By Emma Silvers
By Gary Moskowitz
By Alee Karim
By Ian S. Port
By Ian S. Port
By Derek Opperman
By Emma Silvers
By Alee Karim
In 1996, as a fledgling columnist, I inadvertently stumbled onto the first public performance of the "Apache Whiskey Rite," created by the Reverend Steven Johnson Leyba & the United Satanic Apache Front. On the street level of the cozy 848 Community Space, Leyba's disquieting collage art -- comprised mostly of images of distended assholes, dismembered labia, and lanky supermodels -- was displayed along with letters of condemnation from prominent Native Americans and demonstrations of public support from H.R. Giger and William S. Burroughs. Upstairs, two sexy USAF devotees laboriously carved a pentagram into Leyba's bare chest while the blasé crowd smoked cigarettes and chatted about everything except the blood streaming down the Church of Satan's ordained priest. The audience paid a little more heed when one of the women urinated into the fresh wounds, gathering the stream of piss-blood in a bowl for Leyba to drink. Then, when the woman strapped on a dildo harness and a full bottle of Jack Daniel's and proceeded to sodomize Leyba -- a literal representation of what he believes European settlers did to his ancestors -- the audience was genuinely moved. In a fit of solidarity, or hedonistic lunacy, several members even drank from the bottle. I left thinking I'd been in San Francisco far too long, but over the next couple of weeks, the United Satanic Apache Front became my favorite topic for dinner conversation. And, six months later, Leyba became the dinner topic of choice all across America.
As most people know, the Reverend and his cohorts were hired to perform at the 50th birthday party of political spin artist Jack Davis. During the show, Leyba slammed the United States with his "Invocation to Curse the Nation," then he slammed Davis' new football-stadium initiative, and finally he bent over and got slammed by a whiskey bottle. The party made national headlines. Taking full advantage of his notoriety, Leyba scheduled numerous public performances and became a featured artist at "Bondage A Go-Go," where he presented such shows as "Poop on the Flag: The Unthankful Thanksgiving." Since those giddy times, Leyba has produced countless pieces of politically charged artwork (often incorporating flags and bodily fluids), handmade books (some weighing as much as 70 pounds and occasionally containing bodily fluids), and performances pieces (usually centered around bodily fluids). This year, Marc Rokoff's documentary Unspeakable: The Life and Art of Reverend Steven Johnson Leyba screened at the San Francisco Independent Film Festival, and the United Satanic Apache Front's first album, Addressing the Corporate Fascist State: Selected Performance Recordings 1996-2000, was released. The CD -- a sonically pleasing aural collage of electronic music, samples, and Leyba's rants -- makes for a unique and strange document of a slice of San Francisco art history, right down to the cover, a Leyba painting that overlays Old Glory with a pentagram, a swastika, and a whistling anus. To celebrate the album's release, Leyba presents his flag paintings and performs Track 12, "Curse for G.W. Our Illegitimate President," on Friday, June 21, at Studio Z (314 11th St. at Folsom) with Galaxxy Chamber and Whore opening at 8 p.m. Tickets are $7; call 252-7674. Also, Leyba presents his flag paintings along with a reading and bleeding on Friday, June 28, at AK Press (674A 23rd St., Oakland) at 7 p.m. Admission is free; call (510) 208-1700. All the U.S. flag paintings will be on display July 5-19 at Balazo Gallery (2811 Mission at 24th Street); call 920-0896.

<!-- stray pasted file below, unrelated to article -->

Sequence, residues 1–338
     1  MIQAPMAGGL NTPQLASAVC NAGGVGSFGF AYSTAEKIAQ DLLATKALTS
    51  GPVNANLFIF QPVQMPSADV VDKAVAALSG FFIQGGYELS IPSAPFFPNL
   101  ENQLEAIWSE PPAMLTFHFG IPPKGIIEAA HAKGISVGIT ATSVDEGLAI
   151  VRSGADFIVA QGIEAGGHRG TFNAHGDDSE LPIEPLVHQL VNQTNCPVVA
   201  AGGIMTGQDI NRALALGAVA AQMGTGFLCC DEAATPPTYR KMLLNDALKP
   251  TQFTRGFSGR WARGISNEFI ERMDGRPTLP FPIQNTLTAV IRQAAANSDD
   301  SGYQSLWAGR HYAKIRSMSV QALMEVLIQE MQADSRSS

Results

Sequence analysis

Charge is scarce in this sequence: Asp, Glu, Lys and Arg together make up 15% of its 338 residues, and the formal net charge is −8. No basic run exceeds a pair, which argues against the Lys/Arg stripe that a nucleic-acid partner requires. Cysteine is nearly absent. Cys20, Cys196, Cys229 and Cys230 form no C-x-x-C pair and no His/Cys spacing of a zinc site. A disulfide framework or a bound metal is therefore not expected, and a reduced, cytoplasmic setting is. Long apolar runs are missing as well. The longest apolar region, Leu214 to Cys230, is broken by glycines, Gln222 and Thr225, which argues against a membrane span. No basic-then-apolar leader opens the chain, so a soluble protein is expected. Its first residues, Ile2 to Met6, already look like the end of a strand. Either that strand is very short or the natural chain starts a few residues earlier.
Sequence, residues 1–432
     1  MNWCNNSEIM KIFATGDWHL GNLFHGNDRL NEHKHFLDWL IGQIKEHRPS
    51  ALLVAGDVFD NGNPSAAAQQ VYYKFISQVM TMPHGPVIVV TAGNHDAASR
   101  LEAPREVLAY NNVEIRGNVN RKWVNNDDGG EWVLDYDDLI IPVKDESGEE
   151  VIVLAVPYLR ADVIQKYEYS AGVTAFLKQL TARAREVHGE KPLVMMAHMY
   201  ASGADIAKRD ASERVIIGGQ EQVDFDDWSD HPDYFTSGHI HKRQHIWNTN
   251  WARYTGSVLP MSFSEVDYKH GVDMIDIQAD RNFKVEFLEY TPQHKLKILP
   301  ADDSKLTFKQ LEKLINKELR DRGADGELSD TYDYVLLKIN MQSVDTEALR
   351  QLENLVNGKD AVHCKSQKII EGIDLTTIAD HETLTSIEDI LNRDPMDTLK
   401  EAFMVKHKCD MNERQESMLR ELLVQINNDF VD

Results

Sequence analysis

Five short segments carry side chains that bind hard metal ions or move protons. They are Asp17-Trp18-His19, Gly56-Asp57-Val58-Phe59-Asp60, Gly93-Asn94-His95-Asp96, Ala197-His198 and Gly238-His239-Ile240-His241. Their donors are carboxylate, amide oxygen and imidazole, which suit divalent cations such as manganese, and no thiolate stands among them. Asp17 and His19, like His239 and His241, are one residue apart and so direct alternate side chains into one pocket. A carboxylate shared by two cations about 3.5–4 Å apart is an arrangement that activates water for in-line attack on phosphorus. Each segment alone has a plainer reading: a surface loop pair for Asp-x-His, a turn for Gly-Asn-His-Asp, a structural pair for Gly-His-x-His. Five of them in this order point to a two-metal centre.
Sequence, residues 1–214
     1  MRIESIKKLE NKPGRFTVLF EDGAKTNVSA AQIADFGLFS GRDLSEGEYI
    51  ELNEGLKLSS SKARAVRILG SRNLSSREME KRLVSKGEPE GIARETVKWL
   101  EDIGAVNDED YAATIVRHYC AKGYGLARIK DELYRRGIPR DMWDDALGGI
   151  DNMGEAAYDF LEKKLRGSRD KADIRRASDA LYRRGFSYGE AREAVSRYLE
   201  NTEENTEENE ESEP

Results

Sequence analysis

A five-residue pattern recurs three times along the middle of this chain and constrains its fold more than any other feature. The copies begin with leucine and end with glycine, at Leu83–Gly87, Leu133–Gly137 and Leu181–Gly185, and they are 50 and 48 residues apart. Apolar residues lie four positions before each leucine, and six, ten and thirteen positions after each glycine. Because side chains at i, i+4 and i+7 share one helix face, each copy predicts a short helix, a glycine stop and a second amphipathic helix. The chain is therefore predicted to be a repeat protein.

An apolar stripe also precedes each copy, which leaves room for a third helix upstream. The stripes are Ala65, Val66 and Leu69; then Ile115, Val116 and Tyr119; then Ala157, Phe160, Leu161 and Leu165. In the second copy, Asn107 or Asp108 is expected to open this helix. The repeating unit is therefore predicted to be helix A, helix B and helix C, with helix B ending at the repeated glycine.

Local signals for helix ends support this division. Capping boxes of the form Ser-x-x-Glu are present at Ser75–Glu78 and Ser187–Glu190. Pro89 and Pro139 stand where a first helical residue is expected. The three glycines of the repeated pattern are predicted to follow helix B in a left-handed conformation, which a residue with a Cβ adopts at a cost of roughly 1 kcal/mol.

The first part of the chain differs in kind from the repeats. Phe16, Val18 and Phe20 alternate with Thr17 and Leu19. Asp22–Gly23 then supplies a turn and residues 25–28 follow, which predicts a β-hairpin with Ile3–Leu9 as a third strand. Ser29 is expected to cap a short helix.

Last year, under the eucalyptus trees of Stern Grove, a group of exceptional musicians -- tabla master Zakir Hussain, vocalist and sarangi player Ustad Sultan Khan, vocalist Ejigayhu Shibabaw, bassist/producer Bill Laswell, Brooklyn-based percussionist Karsh Kale, synth wiz Fabian Alsultany, electronic artist Midival Punditz, and DJ Disk -- came together under the appellation Tabla Beat Science. The idea of the group began some time before, as Hussain and Laswell formed a studio project to embrace a loose configuration of artists interested in melding traditional Indian rhythms, African vocal styles, modern electronics, low-end dub, and DJ breaks. Tabla Beat Science's first release, Tala Matrix, featured the two producers, plus Kale, Khan, tablatronic pioneer Talvin Singh, and Bombay percussionist Trilok Gurtu. While Tala Matrixreceived enthusiastic reviews, it paled next to the live experience of the enlarged group. For those who missed the S.F. show, Axiom/Palm has released Live in San Francisco at Stern Grove, which is sure to take its place among legendary live recordings from the Bay Area. For those who want the real deal, Tabla Beat Science has regrouped to perform on Friday, June 21, at the Fillmore at 9 p.m. Tickets are $35; call 346-6000.
After a nearly 10-year absence, Los Angeles singer/songwriter Julianna Raye re-emerges with a truly gorgeous selection of balmy ballads wholly unlike the pop-rock songs found on her 1993 major label debut, Something Peculiar. The slinky, subtle sophistication of Ethan James' instrumentation on Restless Nightleaves Raye's voice twirling in the dusky spotlight, an instrument as strong, smooth, and refreshing as an Old-Fashioned in 100-degree heat. If this were the '70s, Raye could take her place alongside songwriters like Rickie Lee Jones and Tom Waits at the Tropicana Motel or share club dates with Joni Mitchell. As it is, Raye's elegant, dark maturity should appeal to those yearning for the delicate purity of vocalists like Portishead's Beth Gibbons -- with an added touch of the crumbling hopefuls found at Hollywood and Vine. Julianna Raye supports Garth Steel Klippert on Sunday, June 23, at the Make-Out Room with Chrome Johnson opening at 8:30 p.m. Tickets are $6; call 647-2888.